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South Bay Digest

Hawthorne

September 12, 1985

The City Council decided unanimously this week to appeal a federal judge's ruling that, in effect, ordered approval of two apartment projects designed as replacement housing for residents who will lose their homes to the Century Freeway by next spring.

Judge Harry Pregerson last week said council zoning actions, which eliminated a 96-unit project and prevented a 32-unit building from inclusion in a state-funded housing program because of a limit on low-income occupancy, will "prevent low-income minority displacees from continuing to reside in Hawthorne." He ruled that the city violated federal and state fair housing laws and ordered it not to stand in the way of the buildings.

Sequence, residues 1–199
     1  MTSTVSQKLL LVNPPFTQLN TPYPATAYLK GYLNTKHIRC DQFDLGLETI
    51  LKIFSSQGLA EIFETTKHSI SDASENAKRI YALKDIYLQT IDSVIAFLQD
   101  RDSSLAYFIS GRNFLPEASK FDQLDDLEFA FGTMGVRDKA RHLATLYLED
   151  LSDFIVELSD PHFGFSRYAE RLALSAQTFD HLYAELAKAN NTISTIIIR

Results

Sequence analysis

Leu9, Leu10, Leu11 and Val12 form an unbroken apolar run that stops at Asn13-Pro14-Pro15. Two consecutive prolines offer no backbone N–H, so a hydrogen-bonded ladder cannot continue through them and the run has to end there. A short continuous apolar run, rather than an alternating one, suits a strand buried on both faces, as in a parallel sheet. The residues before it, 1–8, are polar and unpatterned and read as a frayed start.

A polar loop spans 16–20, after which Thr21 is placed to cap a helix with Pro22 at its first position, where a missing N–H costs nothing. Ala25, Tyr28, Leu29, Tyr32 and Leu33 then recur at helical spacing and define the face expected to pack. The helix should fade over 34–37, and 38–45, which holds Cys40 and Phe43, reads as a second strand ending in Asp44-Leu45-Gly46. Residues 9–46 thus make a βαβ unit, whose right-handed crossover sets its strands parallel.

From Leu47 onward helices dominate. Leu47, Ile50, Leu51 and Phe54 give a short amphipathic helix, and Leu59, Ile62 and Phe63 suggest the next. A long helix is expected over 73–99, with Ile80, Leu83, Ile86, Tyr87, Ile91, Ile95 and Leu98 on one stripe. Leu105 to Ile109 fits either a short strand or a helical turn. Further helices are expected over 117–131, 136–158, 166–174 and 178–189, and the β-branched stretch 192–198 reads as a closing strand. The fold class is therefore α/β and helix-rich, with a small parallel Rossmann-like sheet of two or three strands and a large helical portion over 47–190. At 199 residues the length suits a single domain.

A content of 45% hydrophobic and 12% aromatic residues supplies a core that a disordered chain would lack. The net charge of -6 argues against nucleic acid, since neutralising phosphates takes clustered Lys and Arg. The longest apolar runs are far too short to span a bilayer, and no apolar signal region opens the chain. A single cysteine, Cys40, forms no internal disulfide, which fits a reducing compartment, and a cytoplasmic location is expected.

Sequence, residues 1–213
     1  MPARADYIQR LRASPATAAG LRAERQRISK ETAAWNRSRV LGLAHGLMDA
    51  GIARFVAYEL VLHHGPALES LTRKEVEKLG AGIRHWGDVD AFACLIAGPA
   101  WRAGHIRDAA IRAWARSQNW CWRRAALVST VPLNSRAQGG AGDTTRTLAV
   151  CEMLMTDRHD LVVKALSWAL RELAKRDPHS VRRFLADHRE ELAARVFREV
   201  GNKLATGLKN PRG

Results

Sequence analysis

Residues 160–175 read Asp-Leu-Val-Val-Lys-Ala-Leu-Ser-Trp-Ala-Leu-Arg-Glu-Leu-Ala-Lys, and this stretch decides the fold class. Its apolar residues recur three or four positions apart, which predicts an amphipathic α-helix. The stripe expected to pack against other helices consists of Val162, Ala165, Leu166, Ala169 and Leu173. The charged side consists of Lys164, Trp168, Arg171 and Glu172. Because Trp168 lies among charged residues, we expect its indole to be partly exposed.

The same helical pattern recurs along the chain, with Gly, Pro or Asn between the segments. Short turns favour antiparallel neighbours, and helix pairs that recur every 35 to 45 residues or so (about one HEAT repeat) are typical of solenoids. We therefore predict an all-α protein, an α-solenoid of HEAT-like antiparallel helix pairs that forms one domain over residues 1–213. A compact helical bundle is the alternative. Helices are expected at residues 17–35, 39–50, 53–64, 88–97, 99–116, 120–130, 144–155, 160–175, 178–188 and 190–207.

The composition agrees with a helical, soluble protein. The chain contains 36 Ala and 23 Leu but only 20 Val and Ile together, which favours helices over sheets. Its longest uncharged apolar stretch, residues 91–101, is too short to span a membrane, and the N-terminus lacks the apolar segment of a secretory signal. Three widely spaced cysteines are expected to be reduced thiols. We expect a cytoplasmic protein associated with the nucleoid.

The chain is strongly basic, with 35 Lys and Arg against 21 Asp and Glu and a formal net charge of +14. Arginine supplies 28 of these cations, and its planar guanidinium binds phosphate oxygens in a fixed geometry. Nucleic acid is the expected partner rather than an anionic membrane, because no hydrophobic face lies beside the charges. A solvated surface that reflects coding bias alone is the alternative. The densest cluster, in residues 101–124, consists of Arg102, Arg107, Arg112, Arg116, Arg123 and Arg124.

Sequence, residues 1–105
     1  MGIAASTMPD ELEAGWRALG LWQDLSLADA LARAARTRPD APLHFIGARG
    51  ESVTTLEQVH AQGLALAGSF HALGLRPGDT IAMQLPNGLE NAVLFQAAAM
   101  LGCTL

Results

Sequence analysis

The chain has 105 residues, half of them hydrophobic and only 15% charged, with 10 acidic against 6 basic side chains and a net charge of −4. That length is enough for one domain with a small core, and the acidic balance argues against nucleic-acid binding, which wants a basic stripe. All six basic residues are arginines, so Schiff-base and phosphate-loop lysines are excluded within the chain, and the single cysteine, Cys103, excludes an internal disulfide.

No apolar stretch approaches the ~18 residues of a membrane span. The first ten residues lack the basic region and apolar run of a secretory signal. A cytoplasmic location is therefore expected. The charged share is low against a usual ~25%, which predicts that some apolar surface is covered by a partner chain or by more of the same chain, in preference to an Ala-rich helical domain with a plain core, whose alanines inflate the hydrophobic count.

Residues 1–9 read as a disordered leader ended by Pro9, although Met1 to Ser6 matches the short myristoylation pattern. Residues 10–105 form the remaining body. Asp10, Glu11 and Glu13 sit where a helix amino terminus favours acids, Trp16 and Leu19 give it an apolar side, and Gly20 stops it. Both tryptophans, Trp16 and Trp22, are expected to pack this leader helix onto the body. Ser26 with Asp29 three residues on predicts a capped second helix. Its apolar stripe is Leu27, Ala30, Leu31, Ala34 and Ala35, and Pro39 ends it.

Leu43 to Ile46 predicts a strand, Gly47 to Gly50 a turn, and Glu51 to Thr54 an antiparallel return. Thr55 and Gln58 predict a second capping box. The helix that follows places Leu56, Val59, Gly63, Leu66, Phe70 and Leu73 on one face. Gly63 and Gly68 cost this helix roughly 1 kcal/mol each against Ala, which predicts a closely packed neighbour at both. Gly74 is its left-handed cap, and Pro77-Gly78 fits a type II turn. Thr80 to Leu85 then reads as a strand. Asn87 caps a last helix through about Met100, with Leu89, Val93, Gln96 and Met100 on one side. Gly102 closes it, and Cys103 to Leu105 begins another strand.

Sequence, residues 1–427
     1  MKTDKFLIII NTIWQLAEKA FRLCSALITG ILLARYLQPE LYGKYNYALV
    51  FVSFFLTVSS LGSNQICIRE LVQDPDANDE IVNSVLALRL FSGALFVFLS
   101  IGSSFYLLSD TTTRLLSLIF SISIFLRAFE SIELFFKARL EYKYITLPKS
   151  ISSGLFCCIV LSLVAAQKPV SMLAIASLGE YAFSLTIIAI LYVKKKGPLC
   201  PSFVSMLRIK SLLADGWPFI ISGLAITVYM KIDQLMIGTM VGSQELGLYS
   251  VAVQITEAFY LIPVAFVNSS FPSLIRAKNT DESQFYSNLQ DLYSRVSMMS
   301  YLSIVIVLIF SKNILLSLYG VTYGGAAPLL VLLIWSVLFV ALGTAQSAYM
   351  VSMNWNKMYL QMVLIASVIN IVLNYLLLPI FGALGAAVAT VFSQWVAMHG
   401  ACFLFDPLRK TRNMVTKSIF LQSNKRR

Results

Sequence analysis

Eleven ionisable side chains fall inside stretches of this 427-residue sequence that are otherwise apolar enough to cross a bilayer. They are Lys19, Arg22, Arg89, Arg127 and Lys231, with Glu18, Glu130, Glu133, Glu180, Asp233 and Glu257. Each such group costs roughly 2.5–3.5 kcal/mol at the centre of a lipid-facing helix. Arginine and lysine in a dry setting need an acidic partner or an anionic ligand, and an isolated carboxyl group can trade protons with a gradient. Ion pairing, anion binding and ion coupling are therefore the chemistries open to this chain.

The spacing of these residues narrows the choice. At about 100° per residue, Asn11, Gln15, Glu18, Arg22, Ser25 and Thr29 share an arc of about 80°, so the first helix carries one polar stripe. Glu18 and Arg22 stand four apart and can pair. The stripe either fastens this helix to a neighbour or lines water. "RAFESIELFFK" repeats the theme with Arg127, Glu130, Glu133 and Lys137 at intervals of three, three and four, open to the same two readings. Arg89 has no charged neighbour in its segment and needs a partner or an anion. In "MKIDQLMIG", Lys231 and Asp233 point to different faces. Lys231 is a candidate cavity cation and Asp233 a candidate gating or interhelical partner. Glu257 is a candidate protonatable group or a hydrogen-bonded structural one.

Mayor Guy Hocker Jr. said the council believes its actions were based on planning and zoning concerns, including possible school overcrowding and traffic problems, and were not discriminatory against minorities and the poor.

Attorney Richard R. Terzian, who represents the city, said an appeal will be filed shortly with the U.S. 9th Circuit Court of Appeals in Los Angeles.

In separate action, the city will seek a delay of Pregerson's order while the appeal is under consideration. The Center for Law in the Public Interest in Los Angeles, which filed the housing suit against Hawthorne in February, has said it will oppose a delay and the developer of the proposed 96-unit complex, Goldrich, Kest & Associates of Sherman Oaks, has asked the city to begin processing a development map "to prevent further delay" of the project.

Under terms of a 1981 agreement that ended nine years of litigation blocking freeway construction, Hawthorne is to provide 275 housing replacement units. The court said only 128 are under construction in the city.

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